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The length of a path on a sphere (in spherical coordinates)

  1. Jun 19, 2013 #1
    So, I'm to show that in spherical coordinates, the length of a given path on a sphere of radius R is given by:
    L= R[itex]\int_{\theta_1}^{\theta_2} \sqrt{1+\sin^2(\theta) \phi'^2(\theta)}d\theta[/itex],
    where it is assumed [itex]\phi(\theta)[/itex], and start coordinates are [itex](\theta_1,\phi_1) [/itex]and [itex](\theta_2, \phi_2)[/itex].

    I've tried starting by letting ds be a short path segment, such that
    [itex]ds=R \sqrt{ d\theta^2+ d\phi^2} [/itex] and [itex]d\phi=\frac{d\phi}{d\theta}d\theta=\phi'(\theta) d\theta[/itex]

    But this is obviously wrong, since I'll be missing a factor of sin^2(θ). If I draw the situation, it's also clear that I'll need the factor.

    Is it just a sphercial coordinate concept I'm missing, or am I way off?
    1. The problem statement, all variables and given/known data



    2. Relevant equations



    3. The attempt at a solution
     
  2. jcsd
  3. Jun 19, 2013 #2
    If a curve is given by x(t), y(t), z(t), where t is a parameter, how is its length computed?
     
  4. Jun 19, 2013 #3
    I'd use

    [itex]s=\sqrt{(\frac{dx}{dt})^2+(\frac{dy}{dt})^2+(\frac{dz}{dt})^2}[/itex]

    So I tried inserting x, y and z as spherical coordinates, and having θ as the parameter, in the end I end up with [itex]\sqrt{R^2}[/itex]. That's after I take the derivative with respect to θ.

    I'm not sure I got your hint.
     
  5. Jun 19, 2013 #4
    ds^2 = dx^2 + dy^2 + dz^2
    To translate this into spherical coordinates in the form:
    ds^2 = a*dr^2 + b*dθ^2 + c*dϕ^2,
    you need the Jacobian matrix for the transformation, which will give you a, b and c. The result is rather well known, but if you're not familiar with the technique, i would recommend you look it up. Your problem is straightforward from there.
     
  6. Jun 19, 2013 #5
    Your approach is correct in principle, so there must be an error in details. Unless you show all the steps, I can't help.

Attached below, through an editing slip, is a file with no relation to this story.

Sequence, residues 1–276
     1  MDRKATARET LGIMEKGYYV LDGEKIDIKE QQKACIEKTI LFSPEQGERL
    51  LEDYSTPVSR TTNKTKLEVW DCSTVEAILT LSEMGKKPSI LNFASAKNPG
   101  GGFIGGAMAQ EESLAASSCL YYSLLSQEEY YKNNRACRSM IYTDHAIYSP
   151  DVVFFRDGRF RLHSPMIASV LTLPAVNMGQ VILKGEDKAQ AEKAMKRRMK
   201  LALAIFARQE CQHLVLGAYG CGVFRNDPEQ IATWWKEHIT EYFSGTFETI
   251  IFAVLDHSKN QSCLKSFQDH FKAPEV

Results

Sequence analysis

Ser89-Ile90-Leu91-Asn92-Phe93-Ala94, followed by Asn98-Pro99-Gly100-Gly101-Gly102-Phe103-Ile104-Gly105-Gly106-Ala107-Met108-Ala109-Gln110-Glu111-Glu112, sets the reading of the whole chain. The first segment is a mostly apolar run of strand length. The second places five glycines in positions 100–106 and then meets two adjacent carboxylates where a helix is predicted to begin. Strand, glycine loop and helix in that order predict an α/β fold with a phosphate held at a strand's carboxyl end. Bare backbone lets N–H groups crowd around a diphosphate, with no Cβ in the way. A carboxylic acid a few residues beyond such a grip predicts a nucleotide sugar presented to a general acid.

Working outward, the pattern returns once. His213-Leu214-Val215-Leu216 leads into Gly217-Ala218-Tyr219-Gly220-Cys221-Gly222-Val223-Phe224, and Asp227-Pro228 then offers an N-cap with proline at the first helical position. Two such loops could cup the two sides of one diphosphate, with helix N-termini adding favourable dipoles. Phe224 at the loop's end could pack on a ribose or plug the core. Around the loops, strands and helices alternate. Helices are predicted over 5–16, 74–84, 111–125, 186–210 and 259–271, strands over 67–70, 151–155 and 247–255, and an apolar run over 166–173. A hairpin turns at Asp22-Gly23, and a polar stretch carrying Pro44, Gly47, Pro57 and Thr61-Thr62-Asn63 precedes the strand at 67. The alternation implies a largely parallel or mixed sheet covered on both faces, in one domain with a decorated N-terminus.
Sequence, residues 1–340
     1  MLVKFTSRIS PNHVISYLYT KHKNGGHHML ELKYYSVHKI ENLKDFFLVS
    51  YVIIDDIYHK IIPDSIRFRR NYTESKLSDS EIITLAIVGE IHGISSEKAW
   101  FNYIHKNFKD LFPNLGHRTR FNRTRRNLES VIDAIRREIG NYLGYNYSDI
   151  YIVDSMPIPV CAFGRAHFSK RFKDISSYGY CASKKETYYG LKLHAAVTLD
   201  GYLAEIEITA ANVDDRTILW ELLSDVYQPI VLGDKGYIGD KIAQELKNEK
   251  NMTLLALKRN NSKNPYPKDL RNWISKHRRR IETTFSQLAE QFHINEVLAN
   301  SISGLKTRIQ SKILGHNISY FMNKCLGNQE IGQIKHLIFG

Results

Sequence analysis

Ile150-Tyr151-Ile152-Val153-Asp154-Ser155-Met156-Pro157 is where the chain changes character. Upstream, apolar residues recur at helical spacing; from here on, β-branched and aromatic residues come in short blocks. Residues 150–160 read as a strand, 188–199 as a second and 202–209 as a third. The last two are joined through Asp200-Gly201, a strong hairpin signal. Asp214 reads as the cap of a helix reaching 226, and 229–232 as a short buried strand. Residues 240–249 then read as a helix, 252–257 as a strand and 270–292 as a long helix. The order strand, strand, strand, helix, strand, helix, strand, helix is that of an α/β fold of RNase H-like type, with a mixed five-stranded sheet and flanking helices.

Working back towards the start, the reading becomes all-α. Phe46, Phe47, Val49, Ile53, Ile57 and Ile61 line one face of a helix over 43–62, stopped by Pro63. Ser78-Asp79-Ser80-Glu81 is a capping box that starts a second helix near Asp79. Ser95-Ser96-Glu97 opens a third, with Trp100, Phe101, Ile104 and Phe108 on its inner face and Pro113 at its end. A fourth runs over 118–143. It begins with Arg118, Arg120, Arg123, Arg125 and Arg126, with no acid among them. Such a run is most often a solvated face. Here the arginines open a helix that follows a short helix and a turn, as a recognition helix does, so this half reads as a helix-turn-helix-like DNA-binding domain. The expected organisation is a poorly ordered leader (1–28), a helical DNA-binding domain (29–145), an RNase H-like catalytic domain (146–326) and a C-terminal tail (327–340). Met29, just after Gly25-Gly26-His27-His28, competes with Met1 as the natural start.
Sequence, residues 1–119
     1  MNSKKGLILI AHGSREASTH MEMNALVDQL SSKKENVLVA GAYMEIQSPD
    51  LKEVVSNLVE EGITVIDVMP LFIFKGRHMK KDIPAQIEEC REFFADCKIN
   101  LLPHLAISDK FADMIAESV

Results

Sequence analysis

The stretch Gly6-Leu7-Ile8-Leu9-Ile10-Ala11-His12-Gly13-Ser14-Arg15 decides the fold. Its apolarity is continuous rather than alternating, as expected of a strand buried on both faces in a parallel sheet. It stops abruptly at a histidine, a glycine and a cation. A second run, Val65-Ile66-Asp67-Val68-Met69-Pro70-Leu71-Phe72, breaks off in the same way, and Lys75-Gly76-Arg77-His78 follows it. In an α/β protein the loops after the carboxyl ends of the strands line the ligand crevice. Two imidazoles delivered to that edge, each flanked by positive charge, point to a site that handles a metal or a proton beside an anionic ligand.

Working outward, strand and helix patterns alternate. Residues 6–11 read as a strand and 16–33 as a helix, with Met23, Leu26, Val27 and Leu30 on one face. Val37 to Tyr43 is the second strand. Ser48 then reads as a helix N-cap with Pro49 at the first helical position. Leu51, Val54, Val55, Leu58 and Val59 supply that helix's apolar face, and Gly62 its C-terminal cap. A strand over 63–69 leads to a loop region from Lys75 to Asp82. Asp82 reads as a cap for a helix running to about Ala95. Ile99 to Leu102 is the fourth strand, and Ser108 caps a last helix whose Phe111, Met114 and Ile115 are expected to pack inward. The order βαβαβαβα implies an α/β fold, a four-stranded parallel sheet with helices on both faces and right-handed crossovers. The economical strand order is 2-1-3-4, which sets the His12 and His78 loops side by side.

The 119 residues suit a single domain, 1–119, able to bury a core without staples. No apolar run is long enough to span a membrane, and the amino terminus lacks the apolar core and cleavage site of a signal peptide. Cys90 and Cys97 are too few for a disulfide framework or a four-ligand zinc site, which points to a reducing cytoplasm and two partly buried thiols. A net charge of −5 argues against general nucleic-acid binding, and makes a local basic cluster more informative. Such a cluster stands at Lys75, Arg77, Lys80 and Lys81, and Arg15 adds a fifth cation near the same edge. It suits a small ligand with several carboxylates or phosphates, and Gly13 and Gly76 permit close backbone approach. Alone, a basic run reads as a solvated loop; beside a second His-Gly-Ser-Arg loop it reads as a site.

7. Jun 19, 2013 #6
    It's a matter of geometry. As you approach the poles, the lines of constant longitude get closer together, and as you approach the equator, they get further apart. You need to draw a diagram to see why geometrically there is a factor of sin2θ.
     
  8. Jun 20, 2013 #7
    I've looked it up, but it puzzles me how I go from [itex]ds^2=dx^2+dy^2+dz^2[/itex] when dx, dy and dz are added together. I mean, if it was [itex]ds^2=dx^2 dy^2 dz^2[/itex] it would be straight forward for me.

    abs[∂(x,y,z)/∂(r,θ,phi)] * dr dθ dphi

    Can I simply transform each on its own? dx, dy and dz?
     
  9. Jun 20, 2013 #8
    With [itex]\theta[/itex] as the parameter, I insert [itex]x=r\sin\theta\cos\phi[/itex], [itex]y=r\sin\theta\sin\phi[/itex] and [itex]z=r\cos\theta[/itex].

    This would give me
    [itex]\sqrt{(\frac{d}{d\theta}r\sin\theta\cos\phi)^2+(\frac{d}{d\theta}r\sin\theta\sin\phi)^2+(\frac{d}{d\theta}r\cos\theta)^2}[/itex]

    From there I end up with

    [itex]\sqrt{r^2(\cos^2\theta\cos^2\phi+cos^2\theta\sin^2\phi+\sin^2\theta)}[/itex]

    Using identities it reduces to [itex]\sqrt{r^2}[/itex]..
     
  10. Jun 20, 2013 #9
    Do you understand that, for example, $$ \frac {d} {d\theta} \sin \theta \cos \phi = \cos \theta \cos \phi - \sin^2 \theta \phi'(\theta) $$
     
  11. Jun 20, 2013 #10
    No, I can't figure out the last term on the right.
     
  12. Jun 20, 2013 #11
    Voko, is your 2nd term correct? In my opinion it ought to be " -sin(theta)*sin(phi)*(dphi/dtheta)"
     
  13. Jun 20, 2013 #12
    Darn, brain still half asleep :)

    Indeed that should have been $$ \cos \theta \cos \phi - \sin \theta \sin \phi \phi'(\theta) $$
     
  14. Jun 20, 2013 #13
    I see what you did there. So I should treat [itex]\phi(\theta)[/itex] properly in my derivatives.
     
  15. Jun 20, 2013 #14
    Well, yes that was fairly easy. Thanks alot. :)
     
  16. Jun 20, 2013 #15
    Here's a simpler way. Draw a circle. Draw the z-axis vertically through the center of the circle. Pick a point P on the upper half of the circumference. Draw a radius from the center of the circle to the point on the circumference. Label the angle θ between the radius and the z axis. Draw a horizontal line from the point P to the z axis. The length of this line is R sin θ. So you see how this length is related to longitudinal distance around the z axis?
     
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